Complete Protein Combinations for Vegans

Shereen Lehman wrote . . . . . . . . . .

If you’re a vegan, or “strict vegetarian,” you may want to pay closer attention to the types of protein sources you consume because most plant-based foods are incomplete proteins. Being incomplete doesn’t mean plant-based foods are low in protein, you can get plenty of protein from plants, but almost every plant-based food is low in one or more essential amino acids that your body needs to thrive.

How much of a problem is this and what can a vegan do?

It may sound bad, but as long as you eat a variety of protein sources every day you’ll be just fine. The combination of different protein sources will ultimately ensure you get an ample supply of all the amino acids every day.

First, A Little Amino Acid Chemistry

Let’s talk about amino acids for a minute. Amino acids are the building blocks of protein. Your body needs them to make the protein structures that build and maintain the tissues in your body.

There are many different amino acids; they all have similar structures but are differentiated by their side chains. All proteins, no matter what food they come from, are made up of amino acids. But the number and order of the amino acids that make up a cow’s rump or a navy bean are different from the ones that make up your body parts.

When you eat round steak or baked beans (or anything that contains any protein at all, even a tiny amount), your digestive system breaks it down into amino acids that are absorbed into your bloodstream. From there, the amino acids are used to build the proteins that make up your muscles, organs and lots of other tissues.

Back to Essential Amino Acids

Not all amino acids are essential. Your body can make many amino acids from the leftover bits of old amino acids and a few other raw materials found in the body, but there are some amino acids that the human body can’t manufacture. These amino acids are called the essential amino acids because you have to consume them.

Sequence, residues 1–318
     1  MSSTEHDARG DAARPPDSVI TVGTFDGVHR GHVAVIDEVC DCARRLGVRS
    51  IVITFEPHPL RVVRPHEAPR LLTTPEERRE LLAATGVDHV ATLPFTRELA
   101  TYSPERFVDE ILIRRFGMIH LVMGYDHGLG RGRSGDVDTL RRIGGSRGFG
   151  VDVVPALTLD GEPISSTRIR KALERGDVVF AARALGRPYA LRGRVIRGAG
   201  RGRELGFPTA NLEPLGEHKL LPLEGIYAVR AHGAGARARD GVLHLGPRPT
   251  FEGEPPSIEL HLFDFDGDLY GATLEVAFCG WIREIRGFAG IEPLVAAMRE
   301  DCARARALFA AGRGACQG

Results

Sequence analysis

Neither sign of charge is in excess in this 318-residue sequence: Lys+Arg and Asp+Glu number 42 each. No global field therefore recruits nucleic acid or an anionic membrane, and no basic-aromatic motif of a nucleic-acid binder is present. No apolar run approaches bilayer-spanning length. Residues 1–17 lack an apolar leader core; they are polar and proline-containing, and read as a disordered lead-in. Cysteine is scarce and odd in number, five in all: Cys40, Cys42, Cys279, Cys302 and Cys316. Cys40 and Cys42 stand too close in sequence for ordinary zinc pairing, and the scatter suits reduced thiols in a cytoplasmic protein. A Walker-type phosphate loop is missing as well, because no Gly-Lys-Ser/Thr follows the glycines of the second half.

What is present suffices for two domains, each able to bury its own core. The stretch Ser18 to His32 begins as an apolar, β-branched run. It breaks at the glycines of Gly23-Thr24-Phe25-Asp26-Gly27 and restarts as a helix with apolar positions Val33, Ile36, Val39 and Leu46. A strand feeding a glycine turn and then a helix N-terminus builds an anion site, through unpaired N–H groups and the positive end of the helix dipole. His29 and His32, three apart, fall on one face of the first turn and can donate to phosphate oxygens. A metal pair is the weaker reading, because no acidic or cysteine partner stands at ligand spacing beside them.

These are the essential amino acids:

  • Histidine
  • Isoleucine
  • Leucine
  • Lysine
  • Methionine
  • Phenylalanine
  • Threonine
  • Tryptophan
  • Valine

Animal proteins all contain every single one of these essential amino acids, so they’re called complete proteins. If you’re an ovo-lacto-vegetarian (only eggs or dairy products), you can get complete proteins when you eat the eggs or dairy products.

Plant proteins are a little different. Each plant that you eat has a different amino acid profile. For example, grains and cereals are extremely low in lysine. So low that they can’t even be considered a source of lysine. If you only eat grains and cereals, you won’t get enough lysine, and that’s bad.

However, legumes such as peanuts, peas, dry beans and lentils contain a lot of lysine. On the flip side, legumes aren’t good sources of tryptophan, methionine, and cystine, but those amino acids are found in grains and cereals. As long as you eat some grains and some legumes, you’ll get some of each essential amino acid.

Grains and legumes are called complementary proteins because when you combine them, you get all of the essential amino acids. Nuts and seeds are also complementary to legumes because they contain tryptophan, methionine, and cystine.